UNEP, in its report “Orangutans and the Economics of Sustainable Forest Management in Sumatra” analysed the value of different land uses in Batang Toru as a special case study.



They found that carbon trading through a REDD programme could match or even exceed the earnings from other land uses such as oil palm plantations and logging. This valuation didn’t even take into account the value of environmental services provided by the forests or the economic losses that would be incurred if the forests are damaged.

These environmental services include:

  • Stable fresh water supplies for local people, agriculture and industry;
  • Prevention of landslides, flooding, erosion and sedimentation of rivers;
  • Climate regulation including air temperature control;
  • Formation and fertility of soils;
  • Pollination of commercial species such as durian; and
  • Tourism potential.

Water from the Batang Toru forests is vital for the people of the 3 Tapanuli districts, especially for their plantations and wet rice cultivation, and their daily household needs. Extensive paddy fields in the Sarulla valley and other areas receive their irrigations from the Batang Toru forests. Mixed rubber agro-forestry gardens that are the mainstay of local people’s economy all depend on rainfall from these forests. Similarly, the Sipansihaporas hydro-electricity plant and the Aek Raisan micro-hydro plants are completely dependent on water from these forests.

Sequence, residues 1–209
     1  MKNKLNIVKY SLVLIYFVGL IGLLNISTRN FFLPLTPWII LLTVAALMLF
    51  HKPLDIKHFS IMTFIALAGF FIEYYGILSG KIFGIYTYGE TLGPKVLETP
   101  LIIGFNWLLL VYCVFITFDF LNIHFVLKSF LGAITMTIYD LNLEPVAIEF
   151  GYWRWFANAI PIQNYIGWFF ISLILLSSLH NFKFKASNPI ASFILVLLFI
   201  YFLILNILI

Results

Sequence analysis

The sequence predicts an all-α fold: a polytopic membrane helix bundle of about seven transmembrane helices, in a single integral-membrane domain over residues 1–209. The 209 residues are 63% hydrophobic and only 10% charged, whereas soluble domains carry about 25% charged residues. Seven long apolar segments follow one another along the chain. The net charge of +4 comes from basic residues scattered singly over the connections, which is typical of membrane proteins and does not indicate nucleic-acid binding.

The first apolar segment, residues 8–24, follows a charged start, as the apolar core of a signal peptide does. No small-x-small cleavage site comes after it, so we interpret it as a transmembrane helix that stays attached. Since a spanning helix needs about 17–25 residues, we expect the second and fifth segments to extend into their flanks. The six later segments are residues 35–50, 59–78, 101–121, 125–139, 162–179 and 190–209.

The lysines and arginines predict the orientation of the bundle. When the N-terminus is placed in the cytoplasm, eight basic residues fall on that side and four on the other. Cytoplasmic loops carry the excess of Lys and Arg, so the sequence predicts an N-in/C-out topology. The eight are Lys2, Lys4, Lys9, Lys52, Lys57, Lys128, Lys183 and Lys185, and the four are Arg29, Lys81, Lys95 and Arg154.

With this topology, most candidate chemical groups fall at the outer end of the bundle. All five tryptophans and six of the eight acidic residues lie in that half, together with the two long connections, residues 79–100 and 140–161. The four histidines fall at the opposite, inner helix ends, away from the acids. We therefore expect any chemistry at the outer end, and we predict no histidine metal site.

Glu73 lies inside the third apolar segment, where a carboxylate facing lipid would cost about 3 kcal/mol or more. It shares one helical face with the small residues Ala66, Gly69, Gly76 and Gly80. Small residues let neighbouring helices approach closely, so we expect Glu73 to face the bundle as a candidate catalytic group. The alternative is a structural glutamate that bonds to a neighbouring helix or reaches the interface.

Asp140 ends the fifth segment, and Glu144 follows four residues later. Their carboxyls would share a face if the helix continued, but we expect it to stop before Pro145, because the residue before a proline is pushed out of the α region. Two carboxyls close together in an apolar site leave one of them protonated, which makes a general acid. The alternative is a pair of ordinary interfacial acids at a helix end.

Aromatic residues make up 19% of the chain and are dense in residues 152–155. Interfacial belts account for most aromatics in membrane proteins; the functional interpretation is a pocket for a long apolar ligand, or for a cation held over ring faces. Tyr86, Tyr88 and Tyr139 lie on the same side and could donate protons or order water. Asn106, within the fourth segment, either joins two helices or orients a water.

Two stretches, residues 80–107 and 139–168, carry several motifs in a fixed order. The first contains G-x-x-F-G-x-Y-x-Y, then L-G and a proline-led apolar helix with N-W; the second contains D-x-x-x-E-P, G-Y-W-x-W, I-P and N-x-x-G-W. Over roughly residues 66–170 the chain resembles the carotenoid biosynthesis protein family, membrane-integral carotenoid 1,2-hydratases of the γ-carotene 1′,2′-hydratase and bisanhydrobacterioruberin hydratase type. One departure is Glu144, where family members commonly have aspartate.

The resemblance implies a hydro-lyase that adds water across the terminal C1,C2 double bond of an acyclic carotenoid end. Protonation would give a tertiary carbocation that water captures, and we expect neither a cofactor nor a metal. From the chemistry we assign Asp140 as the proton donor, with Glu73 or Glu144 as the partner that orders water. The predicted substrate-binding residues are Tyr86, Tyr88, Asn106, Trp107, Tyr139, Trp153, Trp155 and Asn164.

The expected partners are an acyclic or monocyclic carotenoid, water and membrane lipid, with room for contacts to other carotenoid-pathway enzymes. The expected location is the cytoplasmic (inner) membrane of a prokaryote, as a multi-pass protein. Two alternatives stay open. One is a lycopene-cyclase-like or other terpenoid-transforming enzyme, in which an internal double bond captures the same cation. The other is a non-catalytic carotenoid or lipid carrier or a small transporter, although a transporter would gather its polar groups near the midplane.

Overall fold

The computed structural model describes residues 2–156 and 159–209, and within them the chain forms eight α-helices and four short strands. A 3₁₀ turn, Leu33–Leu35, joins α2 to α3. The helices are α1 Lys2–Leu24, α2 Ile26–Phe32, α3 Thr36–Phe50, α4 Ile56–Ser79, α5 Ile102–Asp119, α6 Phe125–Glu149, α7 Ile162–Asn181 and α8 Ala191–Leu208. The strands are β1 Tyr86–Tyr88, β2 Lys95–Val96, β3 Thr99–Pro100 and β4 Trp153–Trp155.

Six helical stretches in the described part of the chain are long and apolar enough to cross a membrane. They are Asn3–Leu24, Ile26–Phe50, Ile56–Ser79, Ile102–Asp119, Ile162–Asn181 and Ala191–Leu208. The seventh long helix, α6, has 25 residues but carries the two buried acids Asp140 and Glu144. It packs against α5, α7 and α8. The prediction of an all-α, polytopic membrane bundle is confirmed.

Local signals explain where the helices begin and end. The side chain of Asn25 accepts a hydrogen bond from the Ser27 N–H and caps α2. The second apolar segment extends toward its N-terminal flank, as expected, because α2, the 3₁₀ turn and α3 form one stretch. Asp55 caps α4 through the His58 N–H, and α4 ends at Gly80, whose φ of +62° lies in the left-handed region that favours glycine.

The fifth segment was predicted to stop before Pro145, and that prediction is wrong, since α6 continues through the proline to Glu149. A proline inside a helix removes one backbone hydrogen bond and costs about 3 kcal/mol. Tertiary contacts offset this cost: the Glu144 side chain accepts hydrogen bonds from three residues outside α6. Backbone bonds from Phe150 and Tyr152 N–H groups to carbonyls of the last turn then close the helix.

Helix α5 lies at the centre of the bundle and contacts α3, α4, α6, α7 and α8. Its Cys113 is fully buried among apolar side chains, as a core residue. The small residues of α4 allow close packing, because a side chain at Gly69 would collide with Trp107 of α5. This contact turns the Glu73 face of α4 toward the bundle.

Stable forested watershed ecosystems are vital for the 300 MW Geothermal Electricity Plants under construction in the Sarulla valley between the east and west forest blocks.

The gold mine currently operating in the Batang Toru sub-district in South Tapanuli also needs water from the west block of the Batang Toru Ecosystem, and the downstream coastal plain is covered by oil palm plantations also dependent on the hydrology of the river.